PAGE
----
Witscript and Hyperrate.io took home the prizes at San Sebastian’s 5th Zinemaldia Startup Challenge on Thursday afternoon. Each received €10,000 ($10,600) and access to incubation to nurture their fledgling companies, with the potential to vie for €500,000 ($530,000) in funding.
Speaking with Variety following her win, Hendrikje Wagner CEO of Hyperate.io was delighted with the validation: “Other people think it’s a really good idea and it enables us to move discussions forward.” The startup integrates heart rate data into live streams, events, and games. Its goal is fewfold: One is to help streamers automate the creation of short highlight videos from their streams using heart rate as a guide. It meets a need from streamers who attract users across social channels via manually edited short form video.
A second was to enhance visibility of emotional impact further to facilitate hyper personalisation across a wide breadth of media.
The taking of a simple idea of heartbeat capture and elevating it impressed the judges. ”The potential for it to go outside the entertainment industry is quite staggering,” Harry Chadwick, director at Interflix Media told Variety, citing the fact that 23,000 streamers signed up to it with 57 million heartbeats pumped through the app.
The Spanish judges were equally enamored with Witscript. Co-Founder Mercè Delgado walked us through the tech which minimizes the time and costs associated with voice-over quality control processes. A slide showed the negative press “Squid Game” received when poorly executed. The presentation stood out for the level of due diligence on show as she drew attention to their TPN Gold status. TPN is the Motion Picture Association owned network dedicated to content safety. With the sensitivity surrounding pre-released shows, key streaming clients and studios demand the highest protections from partners.
The Startup Challenge saw nine entrepreneurs, from across Europe take the elevator to the top of the Tabakalera, affording glorious vires of San Sebastian, all to pitch their visions to the juries. With the welcoming speeches over, and the statue of Christ looking across the city at them, the pitches began.
First up from the European projects, was Anymate Me, a German startup focussed on automating the generation of synthetic videos in over 65 languages. Kaey Low, their CTO, showcased sign language as one of the languages generated through text input. One of the judges noted the potential of applying the sign language aspect to back catalog content cheaply.
Next up was Nathan Neuman, a London based filmmaking entrepreneur with Dreambird. He promised a new revolutionary democratized online film industry platform for the 21st century. A slide showed it will combine elements from Netflix, Facebook, Amazon, and Kickstarter. These big dreams are shared by business partner Mark Forstater, a veteran movie producer best known for his involvement with “Monty Python and the Holy Grail,” who could not attend.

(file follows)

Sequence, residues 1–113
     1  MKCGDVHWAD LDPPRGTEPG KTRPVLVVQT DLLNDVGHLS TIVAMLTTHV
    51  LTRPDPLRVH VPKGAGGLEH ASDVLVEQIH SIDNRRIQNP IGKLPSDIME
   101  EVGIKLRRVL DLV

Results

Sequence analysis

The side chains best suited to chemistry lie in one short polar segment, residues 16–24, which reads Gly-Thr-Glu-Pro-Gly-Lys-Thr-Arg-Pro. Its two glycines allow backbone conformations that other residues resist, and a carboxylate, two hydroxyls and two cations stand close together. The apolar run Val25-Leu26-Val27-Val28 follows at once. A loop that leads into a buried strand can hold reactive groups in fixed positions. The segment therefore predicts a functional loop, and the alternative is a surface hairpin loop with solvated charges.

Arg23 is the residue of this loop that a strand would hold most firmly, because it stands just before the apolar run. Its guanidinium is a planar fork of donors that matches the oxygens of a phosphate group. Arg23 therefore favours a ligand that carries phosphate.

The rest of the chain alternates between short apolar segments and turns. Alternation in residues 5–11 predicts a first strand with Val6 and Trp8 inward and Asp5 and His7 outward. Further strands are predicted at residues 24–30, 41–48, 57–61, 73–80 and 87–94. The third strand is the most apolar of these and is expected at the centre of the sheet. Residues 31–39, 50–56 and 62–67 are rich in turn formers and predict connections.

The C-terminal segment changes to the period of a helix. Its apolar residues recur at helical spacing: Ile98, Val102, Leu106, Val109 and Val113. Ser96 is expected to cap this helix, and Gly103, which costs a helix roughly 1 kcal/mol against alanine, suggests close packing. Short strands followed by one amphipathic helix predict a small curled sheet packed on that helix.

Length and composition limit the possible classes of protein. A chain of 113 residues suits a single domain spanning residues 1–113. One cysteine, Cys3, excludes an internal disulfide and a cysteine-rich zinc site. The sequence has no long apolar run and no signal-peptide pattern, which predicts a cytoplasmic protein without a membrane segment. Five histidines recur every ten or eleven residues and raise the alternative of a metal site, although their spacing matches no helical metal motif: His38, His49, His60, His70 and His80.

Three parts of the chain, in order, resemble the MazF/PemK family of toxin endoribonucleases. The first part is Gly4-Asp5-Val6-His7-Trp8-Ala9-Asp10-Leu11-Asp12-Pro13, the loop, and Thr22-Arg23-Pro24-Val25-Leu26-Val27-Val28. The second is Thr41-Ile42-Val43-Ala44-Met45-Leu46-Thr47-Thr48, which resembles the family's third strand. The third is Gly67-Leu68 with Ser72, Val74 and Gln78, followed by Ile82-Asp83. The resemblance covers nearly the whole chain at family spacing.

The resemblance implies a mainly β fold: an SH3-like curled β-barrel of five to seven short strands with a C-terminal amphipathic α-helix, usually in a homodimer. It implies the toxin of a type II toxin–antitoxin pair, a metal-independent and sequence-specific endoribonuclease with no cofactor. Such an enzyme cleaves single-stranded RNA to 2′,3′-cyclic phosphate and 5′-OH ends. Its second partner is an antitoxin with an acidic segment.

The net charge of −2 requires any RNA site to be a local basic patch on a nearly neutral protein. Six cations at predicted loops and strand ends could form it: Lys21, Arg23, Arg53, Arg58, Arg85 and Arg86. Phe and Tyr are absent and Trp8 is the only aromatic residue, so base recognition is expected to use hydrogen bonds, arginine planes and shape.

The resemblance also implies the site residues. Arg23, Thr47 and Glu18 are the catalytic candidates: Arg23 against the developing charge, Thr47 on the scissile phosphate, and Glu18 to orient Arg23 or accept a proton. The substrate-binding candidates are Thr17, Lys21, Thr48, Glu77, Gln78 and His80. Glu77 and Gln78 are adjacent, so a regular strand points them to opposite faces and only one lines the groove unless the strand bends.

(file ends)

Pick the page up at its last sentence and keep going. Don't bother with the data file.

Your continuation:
The more established Drylab followed. A competitor of Framer.io, it is currently used in the majority of productions in Norway, which includes productions such as “The Worst Person In The World.” It offers on-set production tools and the ability to review details on dailies in real time, and refer back to them when shooting non-linearly. The plan is to take its foothold in Norway and expand globally.
Marionette, a Danish company, closed out the pitches from outside Spain. Thore Ipsen, CEO, handled the momentary technical glitches in the room with upbeat ease. With the timer reset, his pitch told of their suitless motion capture and editing software. One use case is giving fans the chance to animate the characters they love.
And so to the Spanish projects. First up was Union Avatars, with COO David Perez-Villar presenting in person. Metaverse is not dead, according to Perez-Villar, he sees it as the natural evolution of the internet, picturing a world where all our digital power will be worn over our eyes, not on our phones. Union Avatars offers tools for managing digital identities through avatars for both companies and users.
Staying within the gravity of the metaverse were Uttopion, Spain’s first Metaverse. Miguel Ángel Fito Jordán, co-founder, believes we’re moving to a more “experienced based world” one where people want to take part and interact with media more than ever. They craft spaces for content creators and brands to interact with people via the metaverse. He spoke of a desire in people to not just be watching “Money Heist” but to interact with and connect to the other people watching it. Uttopion recently signed an agreement with Chinese metaverse Dayou. The first agreement of its kind allows brands and creators to have their own spaces in the two metaverses.
Bringing us out of the metaverse and back to virtual reality was Javier Acosta with VRMulticam. They unify immersive audiovisual technologies and broadcasting in a single service, offering a unique experience to the viewer. Think live events where you could be sat in the dugout at a sports match or right there in the studio with your favorite stars. He spoke of balancing the tension between how much freedom to allow users vs. the need to curate the experience with care and creativity.
The whiff of “Black Mirror” did not go unnoticed from effortless moderator and self-titled “Chief Time Officer” AC Coppens. The energy here was high to take these innovations in multiple directions. Some look to compliment processes, others to disrupt entire industries. The questions they raise for the industry were not for today.